The good news is that the Histadrut labor federation’s elections are over. The
actual results matter a lot less. Indeed they were a foregone
The question never was whether incumbent Histadrut Ofer Eini
would win, but by how much.
What matters most is that with the power
struggle and leadership challenges out of the way, we theoretically should now
be able to count on a semblance of calm to return to labor relations. We, as a
society, paid a great deal for over a year to foot Eini’s hefty reelection
He strove hard to avoid a meaningful contest via Histadrut Election
Committee bureaucratic hurdles to stymie the candidacies of fellow Labor Party
members Amir Peretz and Eitan Cabel. Peretz eventually backed out in Cabel’s
favor and Cabel succeeded in overturning the initial nixing of his
This is where the rest of us come in. We – more precisely, the
entire economy of which we’re all part – had to bear the burden for Eini’s
political struggle. Electoral expediencies forced Eini, who was relatively
moderate for most his tenure, to impress the 500,000 eligible voters in his
organization with his fighting spirit.
Denied the smooth trouble-free
walk in the park he initially envisaged, Eini had to manufacture headlines to
remind all and sundry that he’s a force to be reckoned with. He needed to appear
as the uncompromising warrior looking out for union members’ interests (for
example by vehemently rejecting devices that pinpoint where drivers employed by
the government take official cars during off hours).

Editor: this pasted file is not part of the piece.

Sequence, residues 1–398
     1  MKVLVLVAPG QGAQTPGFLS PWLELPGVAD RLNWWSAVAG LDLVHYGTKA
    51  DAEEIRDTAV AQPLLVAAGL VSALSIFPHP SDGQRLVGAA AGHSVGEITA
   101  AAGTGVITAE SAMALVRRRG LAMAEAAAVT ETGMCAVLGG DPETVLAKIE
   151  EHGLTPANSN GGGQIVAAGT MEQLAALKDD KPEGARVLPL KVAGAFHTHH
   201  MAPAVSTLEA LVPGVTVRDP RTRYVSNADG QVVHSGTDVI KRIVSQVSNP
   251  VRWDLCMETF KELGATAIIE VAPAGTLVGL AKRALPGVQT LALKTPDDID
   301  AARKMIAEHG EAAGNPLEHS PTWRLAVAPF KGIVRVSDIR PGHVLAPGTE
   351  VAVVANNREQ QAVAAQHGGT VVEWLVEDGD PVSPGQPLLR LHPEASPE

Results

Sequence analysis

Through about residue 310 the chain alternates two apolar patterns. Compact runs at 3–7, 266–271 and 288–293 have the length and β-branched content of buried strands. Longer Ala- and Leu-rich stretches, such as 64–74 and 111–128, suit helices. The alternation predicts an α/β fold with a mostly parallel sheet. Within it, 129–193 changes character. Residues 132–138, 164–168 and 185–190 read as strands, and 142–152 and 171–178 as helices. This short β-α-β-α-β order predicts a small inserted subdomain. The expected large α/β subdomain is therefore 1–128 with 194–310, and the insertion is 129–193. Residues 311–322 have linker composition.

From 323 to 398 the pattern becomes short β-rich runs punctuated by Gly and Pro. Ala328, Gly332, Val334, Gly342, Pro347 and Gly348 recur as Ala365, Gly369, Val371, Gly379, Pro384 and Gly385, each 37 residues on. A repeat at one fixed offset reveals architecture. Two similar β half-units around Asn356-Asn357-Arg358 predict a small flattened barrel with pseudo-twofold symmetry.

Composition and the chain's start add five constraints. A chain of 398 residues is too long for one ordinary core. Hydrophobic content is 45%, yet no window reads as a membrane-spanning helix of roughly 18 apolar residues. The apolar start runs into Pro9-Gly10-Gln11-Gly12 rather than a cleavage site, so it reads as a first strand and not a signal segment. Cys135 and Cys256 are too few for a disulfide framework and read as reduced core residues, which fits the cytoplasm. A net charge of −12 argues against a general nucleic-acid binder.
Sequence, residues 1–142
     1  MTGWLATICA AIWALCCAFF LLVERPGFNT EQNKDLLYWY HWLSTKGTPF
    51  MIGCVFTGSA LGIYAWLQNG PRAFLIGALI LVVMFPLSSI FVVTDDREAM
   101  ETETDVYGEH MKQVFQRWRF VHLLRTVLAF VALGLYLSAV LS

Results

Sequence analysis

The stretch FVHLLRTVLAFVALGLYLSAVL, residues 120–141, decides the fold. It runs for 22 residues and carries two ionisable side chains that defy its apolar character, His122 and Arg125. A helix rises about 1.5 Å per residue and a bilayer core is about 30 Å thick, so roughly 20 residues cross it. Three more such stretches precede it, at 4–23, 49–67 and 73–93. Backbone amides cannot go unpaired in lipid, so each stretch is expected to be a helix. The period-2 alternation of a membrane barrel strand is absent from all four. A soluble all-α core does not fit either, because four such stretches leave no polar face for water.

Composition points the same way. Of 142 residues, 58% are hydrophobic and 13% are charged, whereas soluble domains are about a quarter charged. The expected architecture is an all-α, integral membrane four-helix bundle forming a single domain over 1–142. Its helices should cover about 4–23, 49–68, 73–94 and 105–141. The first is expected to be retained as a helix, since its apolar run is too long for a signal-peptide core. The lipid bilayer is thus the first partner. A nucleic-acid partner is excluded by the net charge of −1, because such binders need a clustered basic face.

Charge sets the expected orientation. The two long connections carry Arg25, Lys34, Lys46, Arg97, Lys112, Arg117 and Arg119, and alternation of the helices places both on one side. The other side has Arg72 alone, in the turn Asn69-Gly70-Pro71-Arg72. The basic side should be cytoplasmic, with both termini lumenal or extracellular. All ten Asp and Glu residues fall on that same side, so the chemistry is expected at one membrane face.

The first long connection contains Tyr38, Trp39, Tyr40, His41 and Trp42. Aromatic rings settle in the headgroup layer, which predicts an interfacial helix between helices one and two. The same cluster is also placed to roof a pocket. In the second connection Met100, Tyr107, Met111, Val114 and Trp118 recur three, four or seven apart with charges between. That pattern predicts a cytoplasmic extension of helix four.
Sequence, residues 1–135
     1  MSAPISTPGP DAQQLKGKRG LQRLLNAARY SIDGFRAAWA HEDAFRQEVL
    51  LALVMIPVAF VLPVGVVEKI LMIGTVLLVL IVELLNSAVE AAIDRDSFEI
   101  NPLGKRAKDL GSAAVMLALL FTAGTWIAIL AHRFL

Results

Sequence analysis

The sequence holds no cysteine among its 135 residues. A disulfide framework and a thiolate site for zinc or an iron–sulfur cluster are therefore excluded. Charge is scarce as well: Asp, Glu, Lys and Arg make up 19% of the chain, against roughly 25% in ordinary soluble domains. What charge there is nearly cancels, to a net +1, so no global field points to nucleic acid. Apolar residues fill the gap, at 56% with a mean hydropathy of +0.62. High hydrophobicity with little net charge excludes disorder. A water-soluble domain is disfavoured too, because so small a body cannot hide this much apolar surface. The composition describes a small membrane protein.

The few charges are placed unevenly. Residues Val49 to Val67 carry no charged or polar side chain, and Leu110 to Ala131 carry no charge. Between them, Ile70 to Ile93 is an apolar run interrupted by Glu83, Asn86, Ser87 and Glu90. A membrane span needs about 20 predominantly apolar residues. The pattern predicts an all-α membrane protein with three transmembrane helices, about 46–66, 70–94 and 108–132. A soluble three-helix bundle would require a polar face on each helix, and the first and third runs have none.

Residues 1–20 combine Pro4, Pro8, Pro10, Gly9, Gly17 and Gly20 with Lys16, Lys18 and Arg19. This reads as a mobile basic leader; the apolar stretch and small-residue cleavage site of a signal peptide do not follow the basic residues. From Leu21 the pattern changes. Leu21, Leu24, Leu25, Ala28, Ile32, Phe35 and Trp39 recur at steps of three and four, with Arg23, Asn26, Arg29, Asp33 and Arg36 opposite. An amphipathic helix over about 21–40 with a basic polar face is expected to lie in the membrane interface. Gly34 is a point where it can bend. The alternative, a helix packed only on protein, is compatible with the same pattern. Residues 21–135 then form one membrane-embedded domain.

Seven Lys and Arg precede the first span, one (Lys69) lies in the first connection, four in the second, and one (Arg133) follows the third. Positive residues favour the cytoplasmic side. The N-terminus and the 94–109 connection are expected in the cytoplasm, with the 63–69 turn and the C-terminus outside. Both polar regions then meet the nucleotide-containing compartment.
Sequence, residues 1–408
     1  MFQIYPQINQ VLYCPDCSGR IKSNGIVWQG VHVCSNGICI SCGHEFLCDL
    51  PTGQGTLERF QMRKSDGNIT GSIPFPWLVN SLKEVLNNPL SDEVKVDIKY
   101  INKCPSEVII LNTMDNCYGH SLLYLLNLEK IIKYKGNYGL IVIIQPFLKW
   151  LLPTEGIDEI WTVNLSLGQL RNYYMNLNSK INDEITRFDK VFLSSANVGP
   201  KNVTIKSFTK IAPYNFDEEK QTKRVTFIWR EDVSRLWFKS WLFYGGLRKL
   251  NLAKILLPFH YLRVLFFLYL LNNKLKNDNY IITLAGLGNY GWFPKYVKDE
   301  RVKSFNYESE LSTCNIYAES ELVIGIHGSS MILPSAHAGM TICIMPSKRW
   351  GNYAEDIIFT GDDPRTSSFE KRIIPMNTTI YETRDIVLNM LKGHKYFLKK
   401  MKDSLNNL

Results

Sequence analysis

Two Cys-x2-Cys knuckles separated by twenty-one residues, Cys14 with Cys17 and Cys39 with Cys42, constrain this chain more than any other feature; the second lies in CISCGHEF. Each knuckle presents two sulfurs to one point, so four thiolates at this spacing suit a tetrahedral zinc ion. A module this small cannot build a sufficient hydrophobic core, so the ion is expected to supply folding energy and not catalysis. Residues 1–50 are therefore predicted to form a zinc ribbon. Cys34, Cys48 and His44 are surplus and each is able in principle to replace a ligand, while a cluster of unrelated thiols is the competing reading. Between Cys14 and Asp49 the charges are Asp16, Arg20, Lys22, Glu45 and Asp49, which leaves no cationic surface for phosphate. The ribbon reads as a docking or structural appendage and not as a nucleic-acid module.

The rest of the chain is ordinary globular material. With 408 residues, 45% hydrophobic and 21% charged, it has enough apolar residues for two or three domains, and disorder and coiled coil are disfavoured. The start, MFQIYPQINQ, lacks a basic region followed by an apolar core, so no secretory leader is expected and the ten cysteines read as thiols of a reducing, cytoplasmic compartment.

Eini’s show of
muscle had less to do with socioeconomic urgencies than with his survival at the
That meant a surge of confrontations, most of them artificial and
superfluous. An extraordinarily intense spate of strikes and threatened-strikes
followed each other in swift succession over the past year. The Histadrut had
declared a plethora of labor disputes, many of which ripened into full-blown
As a consequence, the number of work days lost to the economy
in 2011 because of strikes spiraled by a whopping 229 percent. Eventually the
tab – NIS 155 million by ultra-conservative estimates – will be picked up by all
taxpayers, Histadrut members and non-members alike.
That said, Eini
constitutes a lighter encumbrance on the Israeli collective than did his
predecessor Peretz, whose political ambitions by far outstripped those of
lackluster, apparatchik–minded Eini and therefore produced more and costlier
Eini retained his power base, owing overwhelmingly to the
support of the economy’s largest and most dominant unions, whose rank and file
occupy positions that enable them to inflict the greatest pain on ordinary
As it declined, the Histadrut has become the in-club of the
most powerful unions in the country, who represent the highest-paid members of
the labor force – such as the Israel Electric Corporation’s staff. Not only
aren’t they, by any stretch of the imagination, oppressed proletarians, but they
are strong enough to extort the most exorbitant pay and perks.
employees, for example, need to be kept sated and happy to keep them from
turning off the switches, as they are occasionally wont to do (even if not
necessarily in outright general strikes but rather in selected arbitrary
Strikes, quasi-strikes and work-to-rules cost our economy
dearly and damage our reliability in the international marketplace. The most
immediate victims are workers laid off as a result of canceled orders. The very
Histadrut that purports to champion the wage-earner’s cause is more often than
not responsible for putting him/her on the jobless rolls.
The end of the
campaign and the ostensible restoration of serenity in the Histadrut’s
headquarters offer what is perhaps the best opportunity to give renewed
consideration to legislation that would limit union ability to shut down
essential services without warning and without polling all union members. Union
chieftains have to be made personally accountable for the harm they recklessly
Bills of the sort have been adopted in many Western economies,
where they make a palpable difference. We would not be any less democratic is we
follow their example. We would just be economically sounder and stronger.
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